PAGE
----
NEW YORK -- In his first game back from a three-week stay on the disabled list, Jose Reyes finished 1-for-4 on Monday with a fielding error. And still, his presence affected the Mets for the better.
Shifted back down in the lineup to accommodate Reyes, Angel Pagan drove in the go-ahead run in Game 2 of Monday's doubleheader, keying a sweep of the Marlins at Citi Field. Shifted to second base for the first time in more than a year, Ruben Tejada contributed two hits and two runs. With a more complete defensive alignment behind him, Dillon Gee submitted his second strong start in three tries.
Pieced together, it formed a 5-1 victory with Reyes' fingerprints all over it.
"He's the catalyst of this club," manager Terry Collins said. "Make no mistake."
Though much pregame fuss was made over the return of Reyes, who resumed his quest for the National League batting title after spending three weeks on the DL with a strained left hamstring, the shortstop made little tangible impact on Monday's game. Instead, batting fifth in the lineup for the first time since Aug. 6, it was Pagan who lifted the Mets with a game-winning bloop single in the sixth inning, spoiling what had been a well-pitched game for Marlins starter Ricky Nolasco. Two batters later, Willie Harris gave the Mets an insurance run with his ground-ball single to center.
Reyes -- who popped out twice and hit a weak nubber in his first three at-bats -- finally made his presence felt in the seventh inning, diving to rob Emilio Bonifacio of a hit. After temporarily falling out of the National League batting average lead for the first time since June, Reyes then singled in his final at-bat to retake the top spot, before David Wright drove him home with a double to plate the Mets' fourth run.
"Leadoff is a big job," Collins said. "That's a tough job to ignite your offense, and Angel did an absolutely great job of doing it, but this guy, in my opinion, might be the best in the league. I know when he gets his stroke back, it's going to change the look of the team."
Already, Reyes' presence has done the trick. Also accommodating his teammate on Monday was Tejada, who started at second base for the first time since last season. A natural shortstop who subbed at the position in Reyes' absence, Tejada finished 2-for-4 with two runs scored, making a barehanded grab of Nick Evans' errant throw in the field. Though Collins said before the game that he plans on splitting time at second base the rest of the season between Tejada and Justin Turner, Tejada may eventually see that playing time skewed in his favor.
He may even steal a few starts down the stretch this season, given Collins' inclination to rest Reyes regularly. Though player and manager have not mapped out a specific plan to limit Reyes' at-bats in an effort to avoid re-injury, they have promised to meet every afternoon to discuss the state of his hamstrings.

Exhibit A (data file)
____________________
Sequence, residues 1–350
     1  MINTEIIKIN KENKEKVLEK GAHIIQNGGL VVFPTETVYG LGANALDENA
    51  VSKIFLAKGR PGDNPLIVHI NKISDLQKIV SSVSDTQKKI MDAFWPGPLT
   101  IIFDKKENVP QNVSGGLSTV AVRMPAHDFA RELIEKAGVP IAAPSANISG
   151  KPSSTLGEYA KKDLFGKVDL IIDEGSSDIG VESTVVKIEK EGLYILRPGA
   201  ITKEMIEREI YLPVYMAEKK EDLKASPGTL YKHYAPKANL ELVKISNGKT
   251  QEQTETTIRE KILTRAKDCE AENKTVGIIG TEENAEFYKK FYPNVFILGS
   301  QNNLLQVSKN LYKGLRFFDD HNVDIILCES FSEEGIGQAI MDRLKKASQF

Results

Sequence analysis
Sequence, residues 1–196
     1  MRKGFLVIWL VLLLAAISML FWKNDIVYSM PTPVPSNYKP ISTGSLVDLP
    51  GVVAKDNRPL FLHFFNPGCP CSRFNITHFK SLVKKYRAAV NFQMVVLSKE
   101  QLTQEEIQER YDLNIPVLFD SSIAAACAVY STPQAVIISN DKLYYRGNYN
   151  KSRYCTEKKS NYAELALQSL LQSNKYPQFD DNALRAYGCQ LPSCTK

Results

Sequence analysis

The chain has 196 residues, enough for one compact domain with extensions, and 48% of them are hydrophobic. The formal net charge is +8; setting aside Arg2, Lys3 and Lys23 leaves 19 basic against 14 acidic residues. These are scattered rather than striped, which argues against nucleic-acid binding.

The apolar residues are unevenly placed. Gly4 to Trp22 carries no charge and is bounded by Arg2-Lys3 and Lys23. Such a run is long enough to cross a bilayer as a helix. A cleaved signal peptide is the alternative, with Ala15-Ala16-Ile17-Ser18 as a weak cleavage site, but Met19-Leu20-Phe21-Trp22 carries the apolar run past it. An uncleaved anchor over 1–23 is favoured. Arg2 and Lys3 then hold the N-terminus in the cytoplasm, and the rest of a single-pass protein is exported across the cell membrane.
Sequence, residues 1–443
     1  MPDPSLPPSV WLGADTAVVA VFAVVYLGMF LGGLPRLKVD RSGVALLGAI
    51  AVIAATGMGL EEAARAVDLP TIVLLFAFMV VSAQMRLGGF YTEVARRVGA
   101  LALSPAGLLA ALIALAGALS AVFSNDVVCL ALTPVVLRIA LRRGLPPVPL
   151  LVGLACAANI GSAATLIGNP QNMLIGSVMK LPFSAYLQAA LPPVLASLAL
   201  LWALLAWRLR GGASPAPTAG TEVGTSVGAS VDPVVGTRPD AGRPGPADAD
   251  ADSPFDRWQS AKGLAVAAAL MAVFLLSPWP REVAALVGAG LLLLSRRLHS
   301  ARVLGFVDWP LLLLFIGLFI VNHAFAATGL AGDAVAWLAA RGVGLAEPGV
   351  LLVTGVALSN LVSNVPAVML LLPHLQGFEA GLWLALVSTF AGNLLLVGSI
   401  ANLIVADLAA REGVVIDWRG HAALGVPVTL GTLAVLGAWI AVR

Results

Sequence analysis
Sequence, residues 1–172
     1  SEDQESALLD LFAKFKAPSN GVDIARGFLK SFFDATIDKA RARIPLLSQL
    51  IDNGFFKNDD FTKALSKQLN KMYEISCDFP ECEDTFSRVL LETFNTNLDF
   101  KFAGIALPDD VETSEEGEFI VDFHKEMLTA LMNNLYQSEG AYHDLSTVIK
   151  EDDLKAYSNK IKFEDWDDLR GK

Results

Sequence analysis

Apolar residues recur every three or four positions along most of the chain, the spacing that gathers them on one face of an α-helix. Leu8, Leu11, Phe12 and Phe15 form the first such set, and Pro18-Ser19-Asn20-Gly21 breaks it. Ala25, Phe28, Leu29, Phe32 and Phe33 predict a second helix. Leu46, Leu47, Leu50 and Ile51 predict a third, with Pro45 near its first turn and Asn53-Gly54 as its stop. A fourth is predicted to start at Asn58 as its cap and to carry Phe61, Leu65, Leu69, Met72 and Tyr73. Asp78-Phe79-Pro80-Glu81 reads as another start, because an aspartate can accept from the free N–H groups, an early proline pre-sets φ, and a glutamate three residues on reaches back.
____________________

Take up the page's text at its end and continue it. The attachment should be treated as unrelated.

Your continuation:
"We need to wait and see," Reyes said. "I love to be on the field. I love to play every day. But I have to understand that I've had the same problem twice this year. I don't want to have any more issues with my leg. If I have to take a day off, I'll take it."
If Reyes -- an impending free agent -- returns to the Mets next season, the health of his legs will be critical to the their success. That made Collins more than merely an interested observer when Reyes sprinted in an attempt to catch Bryan Peterson's bloop single in the second inning Monday, and when he geared up to full speed trying to beat out his nubber in the third.
"I can't worry every time he takes the field that he's going to blow it out," Collins said. "I would be absolutely crazy. He is what he is. He does what he does. He prepares himself."
So too did the rest of the Mets in sweeping the twin bill against the Marlins, after being swept in each of their previous two doubleheaders this season. After R.A. Dickey fired seven shutout innings in Game 1, Gee held the Marlins to six hits over six innings in the nightcap, striking out six and allowing his only run on Greg Dobbs' solo homer. Capping both halves of the sweep was newly minted closer Bobby Parnell, who worked with a two-run cushion in Game 1 and a four-run margin in Game 2.
What the Mets hope is that Reyes will give Parnell, Gee and other Mets pitchers even more support in September. That much is no guarantee -- Reyes did, after all, struggle upon his return from a separate hamstring injury earlier this summer, re-injuring his leg before rediscovering his stroke. Now, in his words, Reyes needs to regain some confidence. The health is already there.
"That's the good news," Reyes said. "The other stuff's going to come later."
If there was any doubt as to his health, desire or general well-being, Reyes nixed it when Collins approached him Monday afternoon to ask how his leg was feeling. The shortstop responded by looking his manager in the eye and saying, quite bluntly, that he was "ready to play baseball."
"That," Collins said, "pretty much describes how he is."